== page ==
GBSN for Business & Human Rights Exhibition | Conversations with the Next Generation


The Rana Plaza factory located in Dhaka district (Bangladesh) collapsed on 24 April 2013. 1,134 people died and an estimated 2,500 people were injured. The collapse is considered to be the deadliest garment-factory accident in history. 

The Rana Plaza factory collapse led to worldwide outcry and pressure on fashion companies to change their business practices. As an immediate reaction to the disaster, apparel brands, retailers and workers unions signed a global framework agreement to improve occupational safety and health standards in the Bangladeshi garment industry: the Accord on Fire and Building Safety in Bangladesh, otherwise known as “the Accord”. 

The accident also played an important role in the field of business and human rights. In France, one of the countries related to the event through French apparel and retailer companies supply chain, the factory collapse accelerated efforts by lawmakers to adopt duty of vigilance legislation, passed in March 2017. Other legislations were adopted by local and national authorities in North America, Europe, and Asia-Pacific. The debate has since expanded at the global level and within regional authorities, the European Union currently working on a proposed mandatory human rights due diligence legislation: the Corporate Sustainability Due Diligence directive.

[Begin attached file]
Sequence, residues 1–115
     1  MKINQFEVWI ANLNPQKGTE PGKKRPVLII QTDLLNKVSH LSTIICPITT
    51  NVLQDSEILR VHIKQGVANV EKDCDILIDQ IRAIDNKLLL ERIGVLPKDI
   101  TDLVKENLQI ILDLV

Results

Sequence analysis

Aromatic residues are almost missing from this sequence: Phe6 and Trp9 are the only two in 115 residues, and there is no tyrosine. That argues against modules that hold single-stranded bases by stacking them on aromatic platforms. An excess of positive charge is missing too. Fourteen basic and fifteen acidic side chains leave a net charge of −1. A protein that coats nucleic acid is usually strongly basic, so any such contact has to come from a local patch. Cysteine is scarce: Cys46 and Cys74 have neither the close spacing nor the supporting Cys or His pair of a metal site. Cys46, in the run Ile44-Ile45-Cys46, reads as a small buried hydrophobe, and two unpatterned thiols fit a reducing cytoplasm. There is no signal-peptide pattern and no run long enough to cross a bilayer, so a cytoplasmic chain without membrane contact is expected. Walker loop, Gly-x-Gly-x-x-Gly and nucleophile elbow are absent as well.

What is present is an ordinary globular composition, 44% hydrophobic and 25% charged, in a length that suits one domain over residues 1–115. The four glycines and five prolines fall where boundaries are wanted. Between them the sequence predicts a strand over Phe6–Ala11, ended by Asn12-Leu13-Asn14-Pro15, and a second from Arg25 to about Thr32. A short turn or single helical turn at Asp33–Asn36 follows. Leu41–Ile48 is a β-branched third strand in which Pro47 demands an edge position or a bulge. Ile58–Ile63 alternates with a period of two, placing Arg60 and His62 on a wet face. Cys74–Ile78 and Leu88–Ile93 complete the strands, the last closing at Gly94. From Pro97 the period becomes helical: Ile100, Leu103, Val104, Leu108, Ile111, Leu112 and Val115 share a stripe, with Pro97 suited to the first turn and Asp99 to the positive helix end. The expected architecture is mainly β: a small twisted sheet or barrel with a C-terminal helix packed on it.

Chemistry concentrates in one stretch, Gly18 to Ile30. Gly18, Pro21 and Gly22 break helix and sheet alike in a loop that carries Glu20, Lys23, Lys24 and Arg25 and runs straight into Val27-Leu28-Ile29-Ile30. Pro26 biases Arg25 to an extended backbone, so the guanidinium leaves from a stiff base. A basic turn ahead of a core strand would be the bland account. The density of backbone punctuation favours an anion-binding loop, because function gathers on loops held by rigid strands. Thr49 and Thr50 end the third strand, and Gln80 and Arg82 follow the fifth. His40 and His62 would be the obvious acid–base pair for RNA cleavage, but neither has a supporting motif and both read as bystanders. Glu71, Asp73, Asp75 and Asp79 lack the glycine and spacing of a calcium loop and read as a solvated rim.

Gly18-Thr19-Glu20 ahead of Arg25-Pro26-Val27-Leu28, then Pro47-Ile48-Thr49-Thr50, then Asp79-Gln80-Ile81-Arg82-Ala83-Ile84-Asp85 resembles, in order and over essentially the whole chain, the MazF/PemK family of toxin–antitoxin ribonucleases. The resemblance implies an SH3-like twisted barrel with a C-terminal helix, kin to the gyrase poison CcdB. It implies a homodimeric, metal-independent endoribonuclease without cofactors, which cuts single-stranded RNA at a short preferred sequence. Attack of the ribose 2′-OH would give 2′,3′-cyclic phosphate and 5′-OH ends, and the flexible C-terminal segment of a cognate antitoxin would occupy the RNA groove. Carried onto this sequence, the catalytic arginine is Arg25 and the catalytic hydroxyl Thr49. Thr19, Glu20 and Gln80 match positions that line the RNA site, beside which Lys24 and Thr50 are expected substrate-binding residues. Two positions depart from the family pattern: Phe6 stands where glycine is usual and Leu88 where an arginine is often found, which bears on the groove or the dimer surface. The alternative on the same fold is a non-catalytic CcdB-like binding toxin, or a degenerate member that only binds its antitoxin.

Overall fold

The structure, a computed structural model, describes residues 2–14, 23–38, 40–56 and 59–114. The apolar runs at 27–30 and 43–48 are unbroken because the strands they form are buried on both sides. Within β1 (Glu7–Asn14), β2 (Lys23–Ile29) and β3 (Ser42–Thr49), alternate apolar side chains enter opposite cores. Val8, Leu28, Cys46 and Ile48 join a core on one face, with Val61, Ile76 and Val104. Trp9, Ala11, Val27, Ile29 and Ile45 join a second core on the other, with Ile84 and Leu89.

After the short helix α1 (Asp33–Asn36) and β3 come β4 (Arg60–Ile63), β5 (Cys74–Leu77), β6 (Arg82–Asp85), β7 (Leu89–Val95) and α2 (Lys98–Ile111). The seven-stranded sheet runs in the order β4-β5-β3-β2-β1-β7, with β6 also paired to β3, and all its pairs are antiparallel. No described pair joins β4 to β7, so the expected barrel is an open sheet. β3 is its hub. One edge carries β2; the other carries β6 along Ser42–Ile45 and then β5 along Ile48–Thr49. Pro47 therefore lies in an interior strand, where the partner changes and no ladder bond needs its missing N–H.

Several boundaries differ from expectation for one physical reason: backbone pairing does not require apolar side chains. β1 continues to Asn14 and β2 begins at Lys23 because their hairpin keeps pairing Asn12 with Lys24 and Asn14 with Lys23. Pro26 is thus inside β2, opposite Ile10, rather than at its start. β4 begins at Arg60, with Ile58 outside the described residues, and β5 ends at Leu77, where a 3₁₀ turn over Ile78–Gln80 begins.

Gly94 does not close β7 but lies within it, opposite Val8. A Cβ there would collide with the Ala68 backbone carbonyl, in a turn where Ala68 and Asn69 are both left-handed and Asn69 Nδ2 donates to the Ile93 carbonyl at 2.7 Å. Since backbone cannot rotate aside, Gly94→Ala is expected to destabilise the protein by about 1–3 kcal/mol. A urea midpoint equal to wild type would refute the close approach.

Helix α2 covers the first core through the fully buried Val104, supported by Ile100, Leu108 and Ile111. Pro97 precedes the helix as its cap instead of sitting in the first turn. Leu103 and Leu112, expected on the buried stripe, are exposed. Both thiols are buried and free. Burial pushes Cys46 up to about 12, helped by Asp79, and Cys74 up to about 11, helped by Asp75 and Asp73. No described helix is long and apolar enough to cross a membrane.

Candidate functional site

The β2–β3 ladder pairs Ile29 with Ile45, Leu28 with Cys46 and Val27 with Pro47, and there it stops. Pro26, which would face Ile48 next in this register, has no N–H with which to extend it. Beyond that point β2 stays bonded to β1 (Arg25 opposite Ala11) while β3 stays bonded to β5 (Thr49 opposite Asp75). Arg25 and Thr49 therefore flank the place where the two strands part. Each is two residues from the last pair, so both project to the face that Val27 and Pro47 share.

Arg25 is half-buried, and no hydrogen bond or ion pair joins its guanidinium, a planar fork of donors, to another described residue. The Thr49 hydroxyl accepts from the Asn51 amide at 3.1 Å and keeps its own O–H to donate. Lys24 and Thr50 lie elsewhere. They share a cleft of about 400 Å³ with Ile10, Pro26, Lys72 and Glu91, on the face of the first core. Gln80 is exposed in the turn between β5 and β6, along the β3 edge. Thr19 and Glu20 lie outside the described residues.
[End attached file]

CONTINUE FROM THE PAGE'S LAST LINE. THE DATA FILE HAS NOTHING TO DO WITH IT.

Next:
To reflect on the legacy of this dramatic event, GBSN is inviting our global community to engage and facilitate conversations in their local communities for wider dissemination. Conversations can take the form of event recordings, various forms of publications, illustrations, multimedia presentations, audio recordings, and more.

These conversations should be designed to include business school students, their lecturers and key business and human rights stakeholders including business professionals, policymakers, and civil society.

BHR Exhibition


The Diamond Industry and BHR Transformation

Hear from Shai de Toledo and Dorothée Baumann-Pauly as they talk about the diamond industry transformation as they highlight businesses in transformation and integration of business models.

10 Year Anniversary Rana Plaza: How Can We Transform Business so Business and Principles Can Co-Exist?

During this conversation, hear from Natasja Sheriff Wells as she talks about her role within manufacturing and how clothing brands exploit suppliers and workers.

Geneva Center for Business and Human Rights Masters Students Should Raise in Interviews with Potential Employers Within the Fashion Industry

Hear from the Geneva Center for Business and Human Rights Masters students as they train for what kinds of questions students should raise as they’re interviewing to become the next Human Rights Manager.

National and International Initiatives to Advance the SDGs Decent Work Agenda

Hear from Charles Autheman who speaks to students who come to understand the adversity impact that businesses can have on human rights and labor rights.

The Rana Plaza Factory 10 Year Remembrance – A Conversation with Sofia Montañez at Centrum PUCP

Hear from Sofia Montañez as she leads a discussion surrounding the Rana Plaza disaster.

Blog Posts

What Has the Rana Plaza Disaster Taught Us?